E095503 - Ghost Net Turtle
Turtle, made by Ellarose Savage in 2012 from ghost nets. Acquired 2013 - E095503. Image: Rebecca Fisher
© Australian Museum

Ages: Recommended for 16+

You’ve likely walked on a beach and seen washed-up, discarded fishing nets. Also known as ghost nets, these abandoned fishing nets pose a massive threat to marine life and birds, and can travel extremely long distances with currents and tides. However, First Nations communities and artists are repurposing them to create beautiful works of art and sculptures that tell traditional stories. In these in-depth, hands-on workshops try your hand at ghost net weaving and contribute to a giant woven creation as you discover creative solutions for reducing waste and the importance of caring for Country.

In this rare opportunity, be guided by artists from the Ghost Net Collective, and learn to weave using recycled materials discarded in our ocean, as you work collaboratively with other participants and facilitators to help create a large-scale woven artwork in the peaceful surroundings of the Australian Museum.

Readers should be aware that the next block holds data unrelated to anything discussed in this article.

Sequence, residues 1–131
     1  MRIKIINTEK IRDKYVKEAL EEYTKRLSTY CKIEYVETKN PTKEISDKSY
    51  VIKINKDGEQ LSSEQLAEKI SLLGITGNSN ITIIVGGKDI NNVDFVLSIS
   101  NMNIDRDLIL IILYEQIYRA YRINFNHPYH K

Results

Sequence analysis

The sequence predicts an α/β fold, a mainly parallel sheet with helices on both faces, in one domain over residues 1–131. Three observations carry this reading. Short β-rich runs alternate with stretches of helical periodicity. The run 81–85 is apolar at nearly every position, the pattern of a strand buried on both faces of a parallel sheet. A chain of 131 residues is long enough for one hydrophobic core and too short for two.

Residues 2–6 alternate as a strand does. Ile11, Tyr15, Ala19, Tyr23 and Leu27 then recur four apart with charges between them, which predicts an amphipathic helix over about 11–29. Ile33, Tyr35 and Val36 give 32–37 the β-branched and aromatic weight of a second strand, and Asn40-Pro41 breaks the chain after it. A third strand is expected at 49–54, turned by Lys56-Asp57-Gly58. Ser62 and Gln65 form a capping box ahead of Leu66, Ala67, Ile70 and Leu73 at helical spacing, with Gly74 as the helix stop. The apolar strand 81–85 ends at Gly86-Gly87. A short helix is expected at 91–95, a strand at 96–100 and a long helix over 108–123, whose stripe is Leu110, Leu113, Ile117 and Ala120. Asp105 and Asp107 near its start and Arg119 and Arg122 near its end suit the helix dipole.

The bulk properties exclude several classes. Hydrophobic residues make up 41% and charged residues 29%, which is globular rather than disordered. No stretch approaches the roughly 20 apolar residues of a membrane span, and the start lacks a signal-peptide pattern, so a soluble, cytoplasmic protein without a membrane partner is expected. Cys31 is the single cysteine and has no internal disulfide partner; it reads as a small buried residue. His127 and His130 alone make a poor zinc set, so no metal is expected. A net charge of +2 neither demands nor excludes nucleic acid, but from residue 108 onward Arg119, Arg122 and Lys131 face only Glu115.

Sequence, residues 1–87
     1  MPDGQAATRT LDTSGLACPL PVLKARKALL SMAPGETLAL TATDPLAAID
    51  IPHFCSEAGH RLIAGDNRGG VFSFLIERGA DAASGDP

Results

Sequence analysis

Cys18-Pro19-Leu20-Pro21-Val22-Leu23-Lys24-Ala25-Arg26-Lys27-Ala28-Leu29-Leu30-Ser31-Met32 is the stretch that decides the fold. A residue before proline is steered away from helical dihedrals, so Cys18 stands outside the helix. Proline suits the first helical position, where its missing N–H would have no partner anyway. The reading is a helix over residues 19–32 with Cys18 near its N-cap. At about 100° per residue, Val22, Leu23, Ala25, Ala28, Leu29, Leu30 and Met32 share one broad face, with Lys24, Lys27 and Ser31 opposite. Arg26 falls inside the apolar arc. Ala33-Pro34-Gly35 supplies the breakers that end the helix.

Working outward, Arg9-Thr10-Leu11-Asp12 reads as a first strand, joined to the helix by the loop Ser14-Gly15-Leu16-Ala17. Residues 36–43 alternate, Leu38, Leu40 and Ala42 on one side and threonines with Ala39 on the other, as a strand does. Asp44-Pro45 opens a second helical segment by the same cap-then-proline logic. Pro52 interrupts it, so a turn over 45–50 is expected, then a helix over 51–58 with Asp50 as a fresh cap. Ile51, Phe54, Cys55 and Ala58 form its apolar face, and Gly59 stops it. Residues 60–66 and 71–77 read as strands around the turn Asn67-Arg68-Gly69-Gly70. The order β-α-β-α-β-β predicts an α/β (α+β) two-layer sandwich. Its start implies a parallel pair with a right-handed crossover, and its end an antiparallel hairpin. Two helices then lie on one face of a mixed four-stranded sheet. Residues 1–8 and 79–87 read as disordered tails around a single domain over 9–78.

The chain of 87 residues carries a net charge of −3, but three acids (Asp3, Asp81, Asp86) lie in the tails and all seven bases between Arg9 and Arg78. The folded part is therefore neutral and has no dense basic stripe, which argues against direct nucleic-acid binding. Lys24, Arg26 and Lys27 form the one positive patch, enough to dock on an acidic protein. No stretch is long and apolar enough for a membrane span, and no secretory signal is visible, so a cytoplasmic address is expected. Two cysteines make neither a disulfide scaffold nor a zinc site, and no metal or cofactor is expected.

Following the workshop join an expert-led tour of Garrigarrang one of the AM's permanent First Nations galleries, to see how First Nations communities have used weaving and sustainable traditions for tens for thousands of years.

This 2.5 hour workshop is suited for both beginners and experts alike.

Note: November workshops will be led by Lynette Griffiths and guest artists from Erub Arts (Darnley Island, Eastern Torres Strait). December and January workshops will be led by local Sydney artists trained by the Ghost Net Collective.



Please refer to the AM's refund policy here. Members Benefits are for registered AM Members only.



The Ghost Net Collective

Ghost Net Collective
Ghost Net Collective Image: Ghost Net Collective
© Ghost Net Collective

The Ghost Net Collective is a collaborative cross-cultural movement that connects non-Indigenous and Indigenous artisans who are dedicated to raising awareness of ocean pollution and the importance of caring for Country. The Collective have been providing education and training for communities to be able to better care for Country. By removing and using discarded fishing equipment and nets from the ocean, this self-sustaining art practice also allows individuals the agency to create, sell and survive from these resources.


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View our full COVID-19 safety information here.